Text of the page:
Wednesday, 17 December 2014

Reconnecting With Your SSH Server after an Upgrade

I recently got around to updating my file server's operating system (from Mint 16 to Mint 17) and, in accordance with the law of unintended consequences, I found that I could no longer access my files using secure shell!

What I did get was an error message telling me that the host key verification [test had] failed. When you think about it, I should have anticipated the problem, after all, the original key was hashed under a different implementation of SSH Server as well as a different operating system! Fortunately, the fix is quite simple, particularly if you're only connecting to one host.

For a Single Host

Navigate to to the .ssh folder in the home/username directory (username will be unique to your circumstances). Remember that the period (full stop) indicates that this is a hidden folder, so you should ensure that you have the Show Hidden Files option enabled in your file browser. Delete the known_hosts file in the .ssh directory.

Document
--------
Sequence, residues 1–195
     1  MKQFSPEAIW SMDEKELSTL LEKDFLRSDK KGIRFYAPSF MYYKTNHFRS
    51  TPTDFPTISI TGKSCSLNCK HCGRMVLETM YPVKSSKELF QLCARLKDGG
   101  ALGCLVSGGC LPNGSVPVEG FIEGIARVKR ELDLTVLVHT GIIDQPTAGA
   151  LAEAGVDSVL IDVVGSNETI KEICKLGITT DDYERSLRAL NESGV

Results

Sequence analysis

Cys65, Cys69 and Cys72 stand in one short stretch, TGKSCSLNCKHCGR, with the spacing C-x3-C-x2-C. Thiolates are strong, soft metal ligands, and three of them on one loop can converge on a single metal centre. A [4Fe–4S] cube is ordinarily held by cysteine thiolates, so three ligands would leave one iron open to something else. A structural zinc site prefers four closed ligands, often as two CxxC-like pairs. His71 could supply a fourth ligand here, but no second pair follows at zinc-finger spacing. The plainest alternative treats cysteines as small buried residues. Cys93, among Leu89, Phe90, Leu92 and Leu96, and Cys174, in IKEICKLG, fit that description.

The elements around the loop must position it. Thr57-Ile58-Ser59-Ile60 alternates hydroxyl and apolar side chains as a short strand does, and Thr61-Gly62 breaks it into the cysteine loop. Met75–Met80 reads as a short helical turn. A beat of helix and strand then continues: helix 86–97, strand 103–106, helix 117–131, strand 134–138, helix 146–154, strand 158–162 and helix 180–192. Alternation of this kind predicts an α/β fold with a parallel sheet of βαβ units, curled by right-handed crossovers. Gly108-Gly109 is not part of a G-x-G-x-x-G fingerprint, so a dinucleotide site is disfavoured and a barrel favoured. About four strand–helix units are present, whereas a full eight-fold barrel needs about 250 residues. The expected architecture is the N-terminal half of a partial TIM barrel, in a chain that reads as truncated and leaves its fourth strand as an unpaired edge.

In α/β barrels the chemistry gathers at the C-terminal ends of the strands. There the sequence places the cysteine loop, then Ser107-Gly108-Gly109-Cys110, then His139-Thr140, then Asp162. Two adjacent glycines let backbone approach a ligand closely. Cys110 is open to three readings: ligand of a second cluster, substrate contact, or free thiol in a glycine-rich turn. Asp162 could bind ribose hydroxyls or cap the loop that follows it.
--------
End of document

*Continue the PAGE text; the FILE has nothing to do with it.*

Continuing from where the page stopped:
Now reconnect with your SSH host and a new key will be created following the usual warning that this is a new (and unknown!) host.

For Multiple Hosts

The error message will identify a line number in the know_hosts file; make a note of the number and open a terminal:

gksu gedit /home/username/.ssh/known_hosts

You will be prompted for your password. When the file is opened, delete the offending line, save the file and reconnect with your server. You should be prompted to recreate the key as if this were a first connection.

If you accidentally delete the wrong line (or the whole file, for that matter), fear not, the individual keys will be recreated when you next connect to your SSH server(s).

Sources & Resources:

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